The duties of a Transport Manager

'Effectively and continuously managing transport activities'

A Transport Manager’s responsibility is to effectively and continuously manage the transport activities of the operator. A Director’s responsibility is to hold the Transport Manager accountable. But what does “effectively and continuously managing transport activities” actually mean? 

Transport Managers are relied upon to ensure that operators are operating safely and compliantly. As such, all licence holders, aside from those holding restricted licences, are required to have an appropriate Transport Manager in place.

Links to licence holders

Transport Managers can be either internal or external. 

Internal Transport Managers should effectively and continuously manage the transport activities of the operator. They also must have a genuine link to the licence holder. There are a number of ways in which a genuine link can be established, these include the Transport Manager holding the licence in their name or being employed, either full-or part-time, by the operator.

An external Transport Manager, rather than committing to effectively and continually managing transport activities, must confirm that they will perform their work within the interests of the licence holder. Additionally, external Transport Managers can only perform that role for a maximum of 4 operators, where the combined fleet of authorised vehicles is 50 or less.


Transport Managers have a variety of responsibilities which include:

  • Making arrangements to ensure that drivers comply with drivers’ hours and tachograph rules, and with speed limits.
  • Making arrangements to ensure that the vehicles are maintained properly, including the inspection of vehicles at the appropriate time and the action taken to remedy defects found.
  • Reporting and recording vehicle defects highlighted by drivers.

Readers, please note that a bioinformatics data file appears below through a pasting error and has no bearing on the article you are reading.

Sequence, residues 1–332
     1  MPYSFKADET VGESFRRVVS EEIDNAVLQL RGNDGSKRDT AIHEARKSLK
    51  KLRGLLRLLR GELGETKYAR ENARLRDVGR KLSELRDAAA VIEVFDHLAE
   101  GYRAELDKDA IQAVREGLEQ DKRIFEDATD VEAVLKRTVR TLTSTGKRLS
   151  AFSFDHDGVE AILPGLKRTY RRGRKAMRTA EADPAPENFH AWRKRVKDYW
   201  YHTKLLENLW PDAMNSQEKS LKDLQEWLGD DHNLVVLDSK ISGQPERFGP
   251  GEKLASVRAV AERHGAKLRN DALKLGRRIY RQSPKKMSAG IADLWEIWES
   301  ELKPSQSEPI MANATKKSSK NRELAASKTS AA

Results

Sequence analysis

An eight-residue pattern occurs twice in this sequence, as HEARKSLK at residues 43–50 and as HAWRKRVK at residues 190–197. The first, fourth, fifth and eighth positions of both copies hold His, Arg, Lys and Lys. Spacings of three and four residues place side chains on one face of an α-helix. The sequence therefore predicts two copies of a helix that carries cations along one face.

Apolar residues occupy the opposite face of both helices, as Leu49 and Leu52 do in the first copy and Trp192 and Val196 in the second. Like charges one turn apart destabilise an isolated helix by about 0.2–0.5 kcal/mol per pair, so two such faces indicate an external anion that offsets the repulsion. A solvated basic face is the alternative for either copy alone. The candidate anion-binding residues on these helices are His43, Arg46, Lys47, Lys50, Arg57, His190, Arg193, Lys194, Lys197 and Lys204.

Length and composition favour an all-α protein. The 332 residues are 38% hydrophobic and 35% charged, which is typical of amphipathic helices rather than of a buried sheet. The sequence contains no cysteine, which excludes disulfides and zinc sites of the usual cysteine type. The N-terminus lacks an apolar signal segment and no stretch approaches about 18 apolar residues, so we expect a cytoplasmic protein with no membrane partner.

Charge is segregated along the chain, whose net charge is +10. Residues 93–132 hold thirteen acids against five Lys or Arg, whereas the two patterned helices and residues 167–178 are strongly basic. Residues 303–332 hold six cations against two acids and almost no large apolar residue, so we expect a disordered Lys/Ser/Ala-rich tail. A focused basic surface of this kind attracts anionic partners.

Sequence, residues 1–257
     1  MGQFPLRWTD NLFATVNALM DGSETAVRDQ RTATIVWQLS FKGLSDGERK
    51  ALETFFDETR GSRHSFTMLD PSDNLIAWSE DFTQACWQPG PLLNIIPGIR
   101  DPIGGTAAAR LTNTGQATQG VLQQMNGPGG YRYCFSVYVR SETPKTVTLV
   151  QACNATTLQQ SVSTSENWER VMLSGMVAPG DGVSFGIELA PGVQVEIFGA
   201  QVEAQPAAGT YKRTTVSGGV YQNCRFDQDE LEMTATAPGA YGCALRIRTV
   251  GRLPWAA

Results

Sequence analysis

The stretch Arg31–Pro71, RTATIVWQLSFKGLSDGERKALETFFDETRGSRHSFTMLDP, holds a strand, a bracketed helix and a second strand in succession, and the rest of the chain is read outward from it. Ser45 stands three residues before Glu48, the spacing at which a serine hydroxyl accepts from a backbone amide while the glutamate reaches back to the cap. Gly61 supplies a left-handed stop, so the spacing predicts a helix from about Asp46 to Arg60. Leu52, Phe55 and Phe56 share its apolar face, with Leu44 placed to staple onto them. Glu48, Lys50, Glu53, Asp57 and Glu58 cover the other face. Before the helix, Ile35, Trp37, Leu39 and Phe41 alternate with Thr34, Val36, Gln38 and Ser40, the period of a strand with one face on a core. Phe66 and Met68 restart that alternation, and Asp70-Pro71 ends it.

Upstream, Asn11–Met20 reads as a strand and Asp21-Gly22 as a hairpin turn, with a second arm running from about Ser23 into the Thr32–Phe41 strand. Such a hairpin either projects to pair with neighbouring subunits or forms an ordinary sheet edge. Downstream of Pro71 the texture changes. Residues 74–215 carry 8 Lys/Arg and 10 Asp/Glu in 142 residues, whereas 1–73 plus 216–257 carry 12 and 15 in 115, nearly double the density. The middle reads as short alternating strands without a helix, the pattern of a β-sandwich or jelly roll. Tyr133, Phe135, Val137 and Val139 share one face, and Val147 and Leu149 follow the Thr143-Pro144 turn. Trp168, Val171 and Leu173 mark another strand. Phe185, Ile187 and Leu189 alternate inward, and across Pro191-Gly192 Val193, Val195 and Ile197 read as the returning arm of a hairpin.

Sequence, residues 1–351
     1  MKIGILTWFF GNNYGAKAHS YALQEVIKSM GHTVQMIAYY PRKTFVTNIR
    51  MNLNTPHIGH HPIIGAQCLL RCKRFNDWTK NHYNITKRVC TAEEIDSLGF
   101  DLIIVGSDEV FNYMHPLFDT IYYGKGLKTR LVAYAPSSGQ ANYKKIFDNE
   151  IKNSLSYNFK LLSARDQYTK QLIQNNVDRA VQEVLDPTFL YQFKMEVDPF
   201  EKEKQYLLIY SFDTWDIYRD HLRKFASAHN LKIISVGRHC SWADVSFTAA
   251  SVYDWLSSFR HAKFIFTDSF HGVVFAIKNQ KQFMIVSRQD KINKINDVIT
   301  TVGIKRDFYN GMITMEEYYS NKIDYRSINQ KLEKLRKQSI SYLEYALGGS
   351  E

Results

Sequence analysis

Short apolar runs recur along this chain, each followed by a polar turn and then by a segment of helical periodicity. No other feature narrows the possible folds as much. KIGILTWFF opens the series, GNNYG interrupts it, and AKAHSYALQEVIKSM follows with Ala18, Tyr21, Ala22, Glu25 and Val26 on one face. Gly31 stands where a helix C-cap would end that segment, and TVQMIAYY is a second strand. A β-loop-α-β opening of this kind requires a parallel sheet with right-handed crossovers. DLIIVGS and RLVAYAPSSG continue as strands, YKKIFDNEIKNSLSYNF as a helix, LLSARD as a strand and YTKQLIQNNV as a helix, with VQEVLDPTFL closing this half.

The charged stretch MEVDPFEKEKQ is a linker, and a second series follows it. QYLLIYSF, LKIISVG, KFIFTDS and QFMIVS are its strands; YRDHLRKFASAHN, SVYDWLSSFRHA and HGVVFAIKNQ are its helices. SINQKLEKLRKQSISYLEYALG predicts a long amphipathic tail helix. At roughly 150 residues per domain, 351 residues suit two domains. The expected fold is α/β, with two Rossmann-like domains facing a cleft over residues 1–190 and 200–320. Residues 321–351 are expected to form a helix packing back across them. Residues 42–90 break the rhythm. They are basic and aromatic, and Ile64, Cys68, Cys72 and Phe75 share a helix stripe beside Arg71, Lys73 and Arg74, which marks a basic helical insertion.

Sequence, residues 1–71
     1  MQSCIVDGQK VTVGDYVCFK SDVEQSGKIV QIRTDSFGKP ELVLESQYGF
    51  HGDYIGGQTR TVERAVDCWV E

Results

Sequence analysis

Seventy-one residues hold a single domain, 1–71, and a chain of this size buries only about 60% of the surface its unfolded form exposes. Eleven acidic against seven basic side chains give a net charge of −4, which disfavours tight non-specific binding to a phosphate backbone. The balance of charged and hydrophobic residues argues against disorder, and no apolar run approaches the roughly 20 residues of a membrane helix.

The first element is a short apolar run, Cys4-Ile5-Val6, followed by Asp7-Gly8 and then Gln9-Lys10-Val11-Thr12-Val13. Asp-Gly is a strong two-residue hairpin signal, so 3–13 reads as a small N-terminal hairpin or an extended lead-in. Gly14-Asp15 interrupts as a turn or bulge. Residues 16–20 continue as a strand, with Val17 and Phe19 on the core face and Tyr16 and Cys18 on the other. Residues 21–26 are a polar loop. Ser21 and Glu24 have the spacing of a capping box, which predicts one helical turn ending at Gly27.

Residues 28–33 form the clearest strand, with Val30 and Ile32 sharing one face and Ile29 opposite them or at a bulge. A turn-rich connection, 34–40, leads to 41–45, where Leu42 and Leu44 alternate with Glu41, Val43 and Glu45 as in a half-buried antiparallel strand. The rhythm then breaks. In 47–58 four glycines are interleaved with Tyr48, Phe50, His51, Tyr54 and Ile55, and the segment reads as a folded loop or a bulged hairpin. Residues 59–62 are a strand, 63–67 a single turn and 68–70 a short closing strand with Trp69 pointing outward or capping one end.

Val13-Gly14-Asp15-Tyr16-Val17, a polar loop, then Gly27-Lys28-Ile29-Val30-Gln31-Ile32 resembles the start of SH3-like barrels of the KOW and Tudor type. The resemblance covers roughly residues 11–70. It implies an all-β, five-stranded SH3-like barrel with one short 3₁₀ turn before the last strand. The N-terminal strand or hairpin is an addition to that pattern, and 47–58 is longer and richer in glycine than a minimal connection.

• Establishing the method of compilation and the accuracy of all records, which must be kept for a period of no less than 15 months.
  • Making arrangements to ensure that the vehicle/s are not overloaded.
  • Ensuring that authorised vehicles will be kept at the authorised operating centre(s) when not in use.
  • Where appropriate, notifying the relevant Traffic Commissioner (in writing) of all prosecutions and convictions concerning the operator, the drivers and himself within 28 days of the court hearing.
  • Notifying the relevant Traffic Commissioner of his resignation.

Level of involvement and demonstration of control

The level of involvement within the business is particularly important in assessing whether a Transport Manager exercises continuous and effective control over the transport activities. This will be assessed, in part, through the time that is spent with the business. Even where there are only 2 vehicles on a licence, it will still be expected that a Transport Manager will spend 8 hours each week in this role. For a licence with 15–29 authorised vehicles an operator is expected to have a full-time Transport Manager. Therefore, a Transport Manager who lives far from the operating centre may struggle to demonstrate to the Traffic Commissioner that they are able to satisfy this role.

The requirements on a Transport Manager should be carefully considered before being entered into. A Transport Manager can be disqualified from the role by the Traffic Commissioner and this prohibition would apply across the whole of the European Union. For this reason, Transport Managers need to be aware of their obligations and ensure that they are satisfying them. For instance, if a Transport Manager’s working hours are reduced, they should notify the Traffic Commissioner. Additionally, if a Transport Manager becomes aware of activity that they feel is inappropriate and they are uncomfortable with, they should seek advice as soon as possible. Transport Managers should also resist being added to a licence in name only and having no connection with the Operator. The alternative is action being taken directly against the Transport Manager.

Just as with Operators, there is a degree of trust between Transport Managers and Traffic Commissioners. Therefore, Transport Managers need to be proactive in managing their obligations and should update the Traffic Commissioner as appropriate in order to ensure there can be transparency and confidence within this working relationship.

This information is intended as a general discussion surrounding the topics covered and is for guidance purposes only. It does not constitute legal advice and should not be regarded as a substitute for taking legal advice. DWF is not responsible for any activity undertaken based on this information.

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Joanne Witheford

Senior Solicitor - Deputy Head of Road Haulage & Logistics

I am a regulatory lawyer specialising in health and safety, manslaughter defence and road transport law.

Lee Foulser


I am a Director in the Commercial Insurance team based in Manchester. I handle a wide range of complex and high-value matters for the firm’s leading insurer clients.

Vikki Woodfine

Partner - Head of Road Haulage & Logistics

Best known as the “Lorry Lawyer” I am also Head of the Road Haulage & Logistics group at DWF and specialise in health and safety defence work and road transport law.